Welcome (back) to Woods Hole!
Lizzie Kripke Marine Biological Laboratory, Woods Hole, MA
On the southwestern tip of Cape Cod, Woods Hole is largely known as that place to catch the ferry to Martha’s Vineyard. Complete with piercingly blue skies, a perpetually breezing sea, and politely zoned-out tourists, the scene is set for outstanding amounts of…marine research?
As it turns out, this tiny seaside stretch is in fact home to numerous renowned marine research institutions. As a Maharam Fellow, I am stationed at one of them – the Marine Biological Laboratory (MBL). MBL, the nation’s oldest private marine lab, houses a couple hundred scientists year-round. In the summer, however, an additional 1700 scientists and students flock here to either conduct research or participate in high-level courses. It is an impressive place. Throughout its pioneering history in research science, it has been affiliated with 55 Nobel Prize winners; 118 Howard Hughes Medical Institute investigators, early career scientists, international researchers, and professors; 202 Members of the National Academy of Sciences; and 178 Members of the American Academy of Arts and Sciences (mbl.edu). And that’s just MBL. The other institutions in town, literally next door, boast similarly intimidating resumes. Together, they all contribute to a fiercely scientific community.
So what is the role of an artist at a serious science establishment such as this?
Great question! And I can confidently tell you that we still don’t know! Although, I can also confidently tell you that my work here is aimed at chipping away at that question. While it is clear that no simple or prescriptive answer exists, I am a firm believer that the fields of art and science are remarkably complementary. I suspect that exploring a practical mutualism between the two will lead to new insights, on both sides of the fence, which would not have been foreseeable otherwise.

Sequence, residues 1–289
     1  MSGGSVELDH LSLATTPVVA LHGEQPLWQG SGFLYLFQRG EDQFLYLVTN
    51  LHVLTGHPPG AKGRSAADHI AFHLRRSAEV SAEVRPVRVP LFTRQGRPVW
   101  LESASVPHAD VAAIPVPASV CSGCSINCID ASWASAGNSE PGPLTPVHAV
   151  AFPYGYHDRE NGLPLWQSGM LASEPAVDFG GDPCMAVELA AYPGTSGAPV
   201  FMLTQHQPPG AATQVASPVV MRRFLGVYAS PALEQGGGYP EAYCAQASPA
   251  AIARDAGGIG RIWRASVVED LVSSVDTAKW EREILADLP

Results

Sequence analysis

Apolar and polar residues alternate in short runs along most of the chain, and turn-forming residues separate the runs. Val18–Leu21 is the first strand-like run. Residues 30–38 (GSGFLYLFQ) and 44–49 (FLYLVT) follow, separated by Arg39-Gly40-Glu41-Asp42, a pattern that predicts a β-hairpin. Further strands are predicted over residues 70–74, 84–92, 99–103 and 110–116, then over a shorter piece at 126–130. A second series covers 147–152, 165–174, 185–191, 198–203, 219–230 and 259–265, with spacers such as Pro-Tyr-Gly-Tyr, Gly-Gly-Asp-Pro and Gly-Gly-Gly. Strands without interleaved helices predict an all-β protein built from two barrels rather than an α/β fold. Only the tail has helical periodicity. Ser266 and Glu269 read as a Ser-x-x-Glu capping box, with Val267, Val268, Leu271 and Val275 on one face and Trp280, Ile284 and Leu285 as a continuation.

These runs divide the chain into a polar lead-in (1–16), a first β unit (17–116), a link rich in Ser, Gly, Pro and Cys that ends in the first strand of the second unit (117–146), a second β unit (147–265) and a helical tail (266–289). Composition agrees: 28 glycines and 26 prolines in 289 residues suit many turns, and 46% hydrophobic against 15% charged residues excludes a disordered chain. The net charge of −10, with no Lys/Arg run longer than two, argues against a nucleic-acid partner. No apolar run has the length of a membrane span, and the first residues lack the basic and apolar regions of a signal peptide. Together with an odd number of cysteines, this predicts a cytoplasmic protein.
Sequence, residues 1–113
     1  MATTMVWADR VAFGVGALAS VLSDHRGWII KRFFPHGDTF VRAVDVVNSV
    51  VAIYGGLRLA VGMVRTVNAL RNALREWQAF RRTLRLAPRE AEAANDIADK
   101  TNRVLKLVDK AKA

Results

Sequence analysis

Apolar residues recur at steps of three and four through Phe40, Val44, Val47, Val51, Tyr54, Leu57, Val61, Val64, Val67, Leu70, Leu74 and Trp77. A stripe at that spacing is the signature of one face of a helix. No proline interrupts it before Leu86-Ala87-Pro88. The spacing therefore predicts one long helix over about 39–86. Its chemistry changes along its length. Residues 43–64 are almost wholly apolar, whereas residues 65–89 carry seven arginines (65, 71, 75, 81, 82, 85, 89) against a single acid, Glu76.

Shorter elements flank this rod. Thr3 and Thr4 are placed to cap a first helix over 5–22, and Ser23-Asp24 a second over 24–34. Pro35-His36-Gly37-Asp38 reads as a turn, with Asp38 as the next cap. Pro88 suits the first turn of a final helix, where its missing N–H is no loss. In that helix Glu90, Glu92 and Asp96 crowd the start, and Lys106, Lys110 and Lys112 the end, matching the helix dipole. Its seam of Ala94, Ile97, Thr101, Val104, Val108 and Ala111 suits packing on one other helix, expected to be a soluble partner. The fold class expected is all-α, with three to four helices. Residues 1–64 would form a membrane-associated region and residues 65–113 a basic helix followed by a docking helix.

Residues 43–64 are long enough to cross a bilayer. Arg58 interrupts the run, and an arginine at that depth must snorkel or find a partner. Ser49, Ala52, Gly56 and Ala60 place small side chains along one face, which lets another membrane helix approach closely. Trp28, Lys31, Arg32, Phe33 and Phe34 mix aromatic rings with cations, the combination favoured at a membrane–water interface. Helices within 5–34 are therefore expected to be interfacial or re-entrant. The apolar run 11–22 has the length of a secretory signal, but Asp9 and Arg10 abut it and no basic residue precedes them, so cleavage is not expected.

I have been pursuing this idea throughout my time as a student in the Brown/RISD Dual Degree Program. The simultaneous nature of my studies in both neuroscience and painting has been crucial to my developing interest in integrating these two methods of inquiry. Both fields seek to confront the edge of human knowledge and experience. Perhaps this pursuit can become more comprehensive and broadly meaningful, both within and beyond the art and science communities, through a collision of diverse methods and ideas.
Last summer, I really began applying this line of thought when I fortuitously back-doored my way into MBL – specifically, into the lab of Roger Hanlon. Dr. Hanlon is one of the leading experts on dynamic camouflage in cephalopods – that is, the astounding ability of squid, cuttlefish, and octopuses to change their body color, pattern, and shape on the timescale of milliseconds. See for yourself, it’s pretty unreal.
Our work together ended up being promisingly fruitful, but I am all the more eager, now, to push the collaboration even further.
I will be sure to provide more details about the exact nature of my work, and why it matters, in future posts – but for now, I leave you with some sunny photos of MBL. The top-notch research technologies and overflowing volumes of mental juice are not the only reason scientists flock here every summer…